Russell Wheeler, a judicial ethics specialist at the Brookings Institution is doubtful the complaints against either judge will gain traction. ‘The complaints against Kavanaugh won’t proceed, just as the complaint against Kozinski has been concluded,’ he says. However, he notes that the Kozinski case did prompt Roberts to establish a working group to examine the scale of the problem of sexual harassment in the judiciary.
In June, the group made recommendations to revise the judiciary’s rules surrounding investigating and processing misconduct complaints, as well as its general codes of conduct, guidance documents, education and training programmes. On 30 October, members of the public were invited to comment on the proposed rule changes, which aren’t expected to apply to the Supreme Court, in a day-long hearing. The Judicial Conference, the governing body for the federal court system, which is led by Roberts, will make the final decision on the proposals. ‘The changes won’t go far enough to satisfy critics,’ says Wheeler, ‘but they’re a step in the right direction. I think it shows that the courts realise they have to do something about behaviour that they once swept under the rug.’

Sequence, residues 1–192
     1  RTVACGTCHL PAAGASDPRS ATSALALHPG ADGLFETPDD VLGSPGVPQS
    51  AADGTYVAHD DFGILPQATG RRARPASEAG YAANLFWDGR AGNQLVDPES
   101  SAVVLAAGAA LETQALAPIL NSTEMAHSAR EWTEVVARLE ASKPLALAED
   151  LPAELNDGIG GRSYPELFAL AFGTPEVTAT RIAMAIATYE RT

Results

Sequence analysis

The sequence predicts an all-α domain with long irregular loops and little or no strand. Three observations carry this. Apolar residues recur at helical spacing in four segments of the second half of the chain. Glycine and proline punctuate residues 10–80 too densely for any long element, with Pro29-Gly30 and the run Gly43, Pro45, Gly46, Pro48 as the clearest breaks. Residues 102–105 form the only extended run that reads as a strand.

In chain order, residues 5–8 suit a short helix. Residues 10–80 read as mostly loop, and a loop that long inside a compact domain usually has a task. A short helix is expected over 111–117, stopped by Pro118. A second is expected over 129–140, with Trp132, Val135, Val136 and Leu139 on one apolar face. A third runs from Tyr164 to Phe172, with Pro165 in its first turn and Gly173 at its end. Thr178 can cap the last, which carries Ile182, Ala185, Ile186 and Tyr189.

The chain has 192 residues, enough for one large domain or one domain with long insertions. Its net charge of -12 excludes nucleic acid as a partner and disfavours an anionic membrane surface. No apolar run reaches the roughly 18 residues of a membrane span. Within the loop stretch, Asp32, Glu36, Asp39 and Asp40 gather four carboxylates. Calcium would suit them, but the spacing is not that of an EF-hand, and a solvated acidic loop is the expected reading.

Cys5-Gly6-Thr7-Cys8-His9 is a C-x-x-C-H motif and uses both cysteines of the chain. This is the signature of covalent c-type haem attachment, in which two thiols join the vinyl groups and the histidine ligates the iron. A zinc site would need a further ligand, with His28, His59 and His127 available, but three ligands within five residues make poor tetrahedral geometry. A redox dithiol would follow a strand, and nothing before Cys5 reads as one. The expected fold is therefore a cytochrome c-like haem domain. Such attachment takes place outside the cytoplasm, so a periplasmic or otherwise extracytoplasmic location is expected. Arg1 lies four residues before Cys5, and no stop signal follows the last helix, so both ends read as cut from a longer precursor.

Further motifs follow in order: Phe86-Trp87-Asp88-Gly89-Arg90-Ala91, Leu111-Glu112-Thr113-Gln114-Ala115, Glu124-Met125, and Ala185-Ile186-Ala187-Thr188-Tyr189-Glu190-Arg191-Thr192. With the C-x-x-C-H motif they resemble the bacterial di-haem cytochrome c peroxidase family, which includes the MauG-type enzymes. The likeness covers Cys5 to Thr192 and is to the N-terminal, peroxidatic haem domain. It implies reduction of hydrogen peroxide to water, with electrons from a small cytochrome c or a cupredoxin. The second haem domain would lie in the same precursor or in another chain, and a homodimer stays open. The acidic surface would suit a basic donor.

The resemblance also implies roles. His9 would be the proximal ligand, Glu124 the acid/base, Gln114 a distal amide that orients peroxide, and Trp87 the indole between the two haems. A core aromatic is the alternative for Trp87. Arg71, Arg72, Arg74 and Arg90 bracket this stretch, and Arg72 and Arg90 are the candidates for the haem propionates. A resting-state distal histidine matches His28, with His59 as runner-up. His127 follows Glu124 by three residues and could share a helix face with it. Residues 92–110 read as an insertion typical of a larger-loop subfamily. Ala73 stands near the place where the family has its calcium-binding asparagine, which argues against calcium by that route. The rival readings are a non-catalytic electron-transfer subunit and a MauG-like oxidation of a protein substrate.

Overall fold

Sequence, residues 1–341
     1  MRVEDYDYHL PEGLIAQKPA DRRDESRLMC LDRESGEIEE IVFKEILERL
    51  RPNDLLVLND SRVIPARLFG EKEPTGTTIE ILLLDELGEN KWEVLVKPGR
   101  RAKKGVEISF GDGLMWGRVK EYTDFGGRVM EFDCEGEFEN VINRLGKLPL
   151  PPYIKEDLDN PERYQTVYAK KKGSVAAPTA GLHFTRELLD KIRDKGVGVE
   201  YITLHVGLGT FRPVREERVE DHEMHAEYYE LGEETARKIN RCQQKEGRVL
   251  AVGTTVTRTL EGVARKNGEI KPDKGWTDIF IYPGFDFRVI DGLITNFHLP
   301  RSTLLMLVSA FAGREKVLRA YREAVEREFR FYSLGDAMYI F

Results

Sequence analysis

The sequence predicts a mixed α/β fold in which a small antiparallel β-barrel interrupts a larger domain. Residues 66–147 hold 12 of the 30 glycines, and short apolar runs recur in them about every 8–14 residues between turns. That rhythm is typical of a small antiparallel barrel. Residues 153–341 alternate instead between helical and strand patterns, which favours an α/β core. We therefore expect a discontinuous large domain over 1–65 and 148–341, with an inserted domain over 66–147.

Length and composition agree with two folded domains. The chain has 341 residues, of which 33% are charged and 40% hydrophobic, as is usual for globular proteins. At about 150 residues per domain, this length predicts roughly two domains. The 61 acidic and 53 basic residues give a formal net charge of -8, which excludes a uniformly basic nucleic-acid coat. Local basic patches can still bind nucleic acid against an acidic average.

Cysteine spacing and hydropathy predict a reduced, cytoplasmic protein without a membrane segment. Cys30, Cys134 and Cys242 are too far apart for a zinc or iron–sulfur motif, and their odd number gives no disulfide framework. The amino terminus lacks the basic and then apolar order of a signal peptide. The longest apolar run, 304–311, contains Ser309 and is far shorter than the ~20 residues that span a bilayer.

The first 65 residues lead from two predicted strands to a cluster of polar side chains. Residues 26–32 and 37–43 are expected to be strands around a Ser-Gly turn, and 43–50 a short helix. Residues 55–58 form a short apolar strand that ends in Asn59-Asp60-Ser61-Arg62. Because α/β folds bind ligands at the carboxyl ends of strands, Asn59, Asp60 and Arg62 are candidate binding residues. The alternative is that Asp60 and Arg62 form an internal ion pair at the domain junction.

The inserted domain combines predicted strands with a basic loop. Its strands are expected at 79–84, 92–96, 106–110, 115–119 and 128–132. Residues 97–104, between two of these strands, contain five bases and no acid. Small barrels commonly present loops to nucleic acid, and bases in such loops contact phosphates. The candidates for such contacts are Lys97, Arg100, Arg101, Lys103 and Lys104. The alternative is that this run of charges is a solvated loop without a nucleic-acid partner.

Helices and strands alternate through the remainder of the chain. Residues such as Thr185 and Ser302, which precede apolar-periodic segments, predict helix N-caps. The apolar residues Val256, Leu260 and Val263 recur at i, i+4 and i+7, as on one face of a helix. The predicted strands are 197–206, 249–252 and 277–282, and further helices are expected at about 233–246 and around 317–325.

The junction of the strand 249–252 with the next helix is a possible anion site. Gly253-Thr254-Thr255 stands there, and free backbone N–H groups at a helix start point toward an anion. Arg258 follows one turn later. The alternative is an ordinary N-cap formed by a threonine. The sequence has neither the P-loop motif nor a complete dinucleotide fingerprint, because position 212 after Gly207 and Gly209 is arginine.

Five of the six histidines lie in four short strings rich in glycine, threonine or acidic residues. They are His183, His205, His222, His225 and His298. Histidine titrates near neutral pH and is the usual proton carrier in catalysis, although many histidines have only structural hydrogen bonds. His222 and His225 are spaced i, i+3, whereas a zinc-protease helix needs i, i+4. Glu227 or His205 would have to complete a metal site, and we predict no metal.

There are concerns that Kavanaugh’s confirmation could deter other women from speaking out about sexual harassment. ‘Having seen what's happened in the last couple of weeks with Brett Kavanaugh, I think there's a pretty big feeling of a setback, but I don't believe it's insurmountable,’ says Zelda Perkins.
Perkins was one of several Miramax employees who lifted the lid on alleged historic sexual misconduct by US film producer Harvey Weinstein that precipitated the #MeToo movement. She hopes recent revelations will encourage more women to bring those who abuse their position of power to account. ‘I don't think this will go away now,’ she says. ‘The press needs to continue reporting responsibly – I think that's hugely important. The victim shaming and the disparagement of women's evidence and stories isn't helpful. But also for me this isn't just about gender. It's about power. It's about equality. It’s about the abuse of power.’
Groulx Diggs is hopeful female voters can find their voice in the midterms. ‘We felt we’d made progress with #MeToo, but at the same time the confirmation has certainly raised awareness of the inequalities between powerful men and the rest of society,' she says. ‘I hope women will come out and vote massively to show their disagreement with this kind of politics and attitude, which is so backward looking.’